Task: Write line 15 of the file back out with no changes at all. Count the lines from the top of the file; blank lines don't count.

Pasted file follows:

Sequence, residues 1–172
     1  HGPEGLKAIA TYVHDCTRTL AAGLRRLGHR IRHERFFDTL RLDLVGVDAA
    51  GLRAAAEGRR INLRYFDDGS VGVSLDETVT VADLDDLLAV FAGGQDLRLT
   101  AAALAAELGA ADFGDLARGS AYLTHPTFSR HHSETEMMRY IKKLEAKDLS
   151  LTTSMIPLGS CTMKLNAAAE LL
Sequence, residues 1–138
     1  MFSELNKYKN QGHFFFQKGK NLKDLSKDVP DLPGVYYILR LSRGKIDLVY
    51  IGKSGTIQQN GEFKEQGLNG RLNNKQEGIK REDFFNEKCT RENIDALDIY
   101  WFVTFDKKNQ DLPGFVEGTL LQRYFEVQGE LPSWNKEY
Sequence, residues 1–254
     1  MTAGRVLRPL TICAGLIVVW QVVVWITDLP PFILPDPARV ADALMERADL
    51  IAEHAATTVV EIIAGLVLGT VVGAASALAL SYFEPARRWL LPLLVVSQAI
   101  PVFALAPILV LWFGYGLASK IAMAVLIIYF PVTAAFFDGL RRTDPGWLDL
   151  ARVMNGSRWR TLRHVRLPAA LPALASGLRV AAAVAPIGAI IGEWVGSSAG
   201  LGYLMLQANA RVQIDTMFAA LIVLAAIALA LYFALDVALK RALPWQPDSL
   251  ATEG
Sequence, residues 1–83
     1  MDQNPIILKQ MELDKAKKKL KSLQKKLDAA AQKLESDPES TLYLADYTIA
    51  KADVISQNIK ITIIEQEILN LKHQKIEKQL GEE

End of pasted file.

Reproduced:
   201  LGYLMLQANA RVQIDTMFAA LIVLAAIALA LYFALDVALK RALPWQPDSL